Rocket technology

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Under rocketry refers to all knowledge, materials, procedures and processes leading to successful construction, launch and operation of rockets contribute.


Main article: Beginnings of rocket construction

The first evidence of the technology of a three-stage rocket from the period between 1529 and 1556 goes back to Conrad Haas . With his work Ars magna artilleriae pars prima from 1650, the weapon designer Casimir Simienowicz left the next known description of three-stage rocket technology.

After the Second World War, the USA and Russia secured large parts of the German missile know-how. The US accelerated its advance towards the end of the war in order to reach certain places before the Russians.

For example, on April 11, 1945, US troops occupied the production facilities in Bleicherode , the Mittelwerk . One hundred A4 missiles were shipped to the United States; they formed a basis for the US missile program there.

A few days earlier, the rocket pioneers around Wernher von Braun and General Walter Dornberger had gathered in hotels and barracks in southern Germany in the vicinity of Oberammergau in order to escape the Soviet occupiers. After the occupation of Upper Bavaria by American troops, the English-speaking brother Magnus von Braun contacted the Americans. During the war, the Operation Overcast campaign was specifically looking for German scientists in order to gain access to their knowledge. On May 2, 1945, von Braun and some scientists from his team surrendered to the US armed forces in Oberjoch .

Wernher von Braun was housed by the Americans in Bad Kissingen in the winter of 1945/1946 , which was the location of Operation Overcast and where many scientists from Peenemünde stayed. The scientists were brought to the USA in the spring of 1946 after more than a hundred rocket developers had been shipped to the USA as part of Operation Overcast ( called Operation Paperclip since March 1946 ). Walter Dornberger from the Heereswaffenamt also found a new sphere of activity there in 1947. Von Braun initially worked in Fort Bliss ( Texas ), under the supervision of US troops, and from 1950 headed a team of more than a hundred developers for the US Army in Huntsville (Alabama) .

In October 1946, more than 2000 engineers and their families were deported from the Soviet occupation zone to the Soviet Union (" Operation Ossawakim ") to work on military developments ( nuclear technology and rocket technology) and to disclose scientific achievements.

Technical requirements in rocket construction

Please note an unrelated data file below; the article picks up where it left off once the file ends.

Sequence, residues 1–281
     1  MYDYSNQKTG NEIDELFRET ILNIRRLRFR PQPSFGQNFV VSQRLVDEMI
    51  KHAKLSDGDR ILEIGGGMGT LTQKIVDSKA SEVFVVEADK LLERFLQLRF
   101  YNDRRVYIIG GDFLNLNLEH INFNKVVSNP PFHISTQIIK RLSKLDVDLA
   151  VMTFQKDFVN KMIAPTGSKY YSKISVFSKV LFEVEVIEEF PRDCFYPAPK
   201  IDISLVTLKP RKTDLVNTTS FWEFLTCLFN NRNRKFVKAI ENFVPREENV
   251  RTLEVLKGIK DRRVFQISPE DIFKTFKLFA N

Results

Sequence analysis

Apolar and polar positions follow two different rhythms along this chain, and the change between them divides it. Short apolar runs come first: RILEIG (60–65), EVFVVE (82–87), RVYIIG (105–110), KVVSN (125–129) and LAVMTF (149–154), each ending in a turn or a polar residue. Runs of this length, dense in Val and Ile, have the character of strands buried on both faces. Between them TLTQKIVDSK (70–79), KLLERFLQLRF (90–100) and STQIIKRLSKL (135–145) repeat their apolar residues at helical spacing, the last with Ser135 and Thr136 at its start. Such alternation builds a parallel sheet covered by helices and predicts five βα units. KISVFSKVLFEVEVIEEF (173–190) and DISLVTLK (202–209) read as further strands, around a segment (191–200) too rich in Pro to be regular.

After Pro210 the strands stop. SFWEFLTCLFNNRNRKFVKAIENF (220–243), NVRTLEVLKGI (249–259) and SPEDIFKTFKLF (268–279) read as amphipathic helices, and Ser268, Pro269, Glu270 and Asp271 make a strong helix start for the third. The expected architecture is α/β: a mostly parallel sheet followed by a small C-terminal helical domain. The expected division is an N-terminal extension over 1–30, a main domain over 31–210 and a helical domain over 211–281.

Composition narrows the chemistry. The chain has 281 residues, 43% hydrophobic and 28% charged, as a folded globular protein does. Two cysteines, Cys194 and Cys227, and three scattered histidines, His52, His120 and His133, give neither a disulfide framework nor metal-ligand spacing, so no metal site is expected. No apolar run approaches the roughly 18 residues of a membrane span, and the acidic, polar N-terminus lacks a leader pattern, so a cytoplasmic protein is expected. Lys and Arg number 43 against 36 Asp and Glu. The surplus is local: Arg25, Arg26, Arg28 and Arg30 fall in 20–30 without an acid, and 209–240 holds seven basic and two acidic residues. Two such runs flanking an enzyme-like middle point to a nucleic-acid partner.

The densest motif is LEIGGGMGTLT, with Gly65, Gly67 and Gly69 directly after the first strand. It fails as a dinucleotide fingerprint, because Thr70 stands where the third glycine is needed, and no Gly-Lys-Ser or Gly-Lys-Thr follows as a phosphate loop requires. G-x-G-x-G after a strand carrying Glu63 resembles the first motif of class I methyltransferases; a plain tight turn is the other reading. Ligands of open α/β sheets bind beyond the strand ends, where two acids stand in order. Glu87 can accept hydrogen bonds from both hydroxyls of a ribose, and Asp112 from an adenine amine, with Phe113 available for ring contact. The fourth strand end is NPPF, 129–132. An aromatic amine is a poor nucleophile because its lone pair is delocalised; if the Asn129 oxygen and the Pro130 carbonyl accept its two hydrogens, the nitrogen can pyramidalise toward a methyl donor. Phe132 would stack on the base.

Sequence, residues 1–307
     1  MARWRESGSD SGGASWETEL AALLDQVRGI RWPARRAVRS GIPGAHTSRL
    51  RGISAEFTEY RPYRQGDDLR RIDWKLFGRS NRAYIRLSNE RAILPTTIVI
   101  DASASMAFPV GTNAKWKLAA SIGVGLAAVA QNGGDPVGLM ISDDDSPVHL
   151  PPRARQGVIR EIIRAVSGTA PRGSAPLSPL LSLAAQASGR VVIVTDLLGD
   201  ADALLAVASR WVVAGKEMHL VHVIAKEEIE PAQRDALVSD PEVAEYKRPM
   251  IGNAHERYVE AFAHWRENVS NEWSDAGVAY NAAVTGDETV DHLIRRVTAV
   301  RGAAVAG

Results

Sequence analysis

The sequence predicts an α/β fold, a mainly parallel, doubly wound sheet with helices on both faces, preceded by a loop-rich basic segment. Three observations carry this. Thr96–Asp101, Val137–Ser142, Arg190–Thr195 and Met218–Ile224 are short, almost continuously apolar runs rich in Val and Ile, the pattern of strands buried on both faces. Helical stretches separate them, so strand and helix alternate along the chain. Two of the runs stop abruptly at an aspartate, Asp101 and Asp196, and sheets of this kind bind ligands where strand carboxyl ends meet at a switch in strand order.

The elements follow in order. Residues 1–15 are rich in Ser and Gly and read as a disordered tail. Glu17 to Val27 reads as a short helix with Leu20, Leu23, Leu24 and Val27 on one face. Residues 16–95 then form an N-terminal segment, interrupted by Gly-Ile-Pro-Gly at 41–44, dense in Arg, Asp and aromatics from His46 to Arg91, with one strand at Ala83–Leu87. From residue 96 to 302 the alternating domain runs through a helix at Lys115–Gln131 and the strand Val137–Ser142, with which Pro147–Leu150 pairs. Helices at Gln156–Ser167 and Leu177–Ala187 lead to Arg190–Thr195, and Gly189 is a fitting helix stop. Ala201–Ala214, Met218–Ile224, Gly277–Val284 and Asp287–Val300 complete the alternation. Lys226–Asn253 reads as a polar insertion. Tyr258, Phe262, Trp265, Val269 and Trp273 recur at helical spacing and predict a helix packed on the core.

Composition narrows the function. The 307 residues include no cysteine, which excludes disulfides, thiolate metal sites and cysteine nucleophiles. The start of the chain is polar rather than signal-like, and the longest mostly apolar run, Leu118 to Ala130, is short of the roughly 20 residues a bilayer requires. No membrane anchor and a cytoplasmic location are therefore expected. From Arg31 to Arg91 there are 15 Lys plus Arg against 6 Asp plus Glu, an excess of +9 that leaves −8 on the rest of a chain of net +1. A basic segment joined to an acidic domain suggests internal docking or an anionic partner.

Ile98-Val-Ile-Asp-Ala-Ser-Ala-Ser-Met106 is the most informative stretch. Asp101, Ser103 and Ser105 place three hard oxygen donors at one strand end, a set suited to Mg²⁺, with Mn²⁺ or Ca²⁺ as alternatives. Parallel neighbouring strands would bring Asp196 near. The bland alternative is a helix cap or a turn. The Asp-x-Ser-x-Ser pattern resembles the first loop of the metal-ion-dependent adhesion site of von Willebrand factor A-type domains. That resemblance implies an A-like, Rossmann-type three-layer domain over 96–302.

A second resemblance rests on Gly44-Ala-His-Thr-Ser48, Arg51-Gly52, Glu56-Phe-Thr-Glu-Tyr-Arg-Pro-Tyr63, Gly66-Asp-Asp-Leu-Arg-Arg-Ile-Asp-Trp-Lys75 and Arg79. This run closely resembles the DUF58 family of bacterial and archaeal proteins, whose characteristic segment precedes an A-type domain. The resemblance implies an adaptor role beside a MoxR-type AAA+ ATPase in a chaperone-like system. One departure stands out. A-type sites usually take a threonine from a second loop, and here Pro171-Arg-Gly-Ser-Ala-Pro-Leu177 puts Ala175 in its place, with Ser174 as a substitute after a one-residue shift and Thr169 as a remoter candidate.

Unlike airplanes, rockets can also be used outside the earth's atmosphere. They need neither the buoyancy of the air nor its oxygen, but carry all the substances necessary for propulsion in solid or liquid form. However, because of the tanks , lines and pumps required , they are also more prone to malfunctions, which means long development times and high costs. The control is more complicated than in aviation.

Rockets work on the principle of recoil by combustion gases , which is stronger, the more and faster the gases escape from the nozzle and the lighter the rocket shell is. On the other hand, it needs a certain strength, which is why favorable mass ratios (starting to empty mass) can only be achieved with an extremely lightweight construction . The outflow speed increases with the temperature in the combustion chamber - which poses further technical problems for the most effective drives.

In summary, this means that as much of the total mass of a rocket as possible should be used for the explosive fuel possible and only a little for the rocket structure. The latter must nevertheless remain stable, reliable and easy to control. These contradicting requirements present rocket science with numerous difficult challenges.

Design and type of missiles

The basic choice of the rocket type (s) depends on the purpose and size. A distinction is made above all:

Design of the rocket shape and propulsion system

Material, durability and operation

Reliability and false starts

The reliability of the individual components for rockets with many thousands of individual parts must be over 99.999 percent. An optimum between many contradicting aspects is to be sought here, among others

  • between risk, costs and development time,
  • between innovation , tried and tested and complex test runs,
  • Structure, durability, weight and fuel consumption,
  • Reserve systems, weight gain and energy consumption, and
  • between error messages, control and autonomy.

The failure rate of various missile types is usually in the range of a few percent. In some cases it can be reduced to 1–2 false starts per 100 starts, as in the Delta series. Numerous variants have been tested and gradually improved over the past 40 years - from the first types (1960) to Delta I, II and III to Delta IV .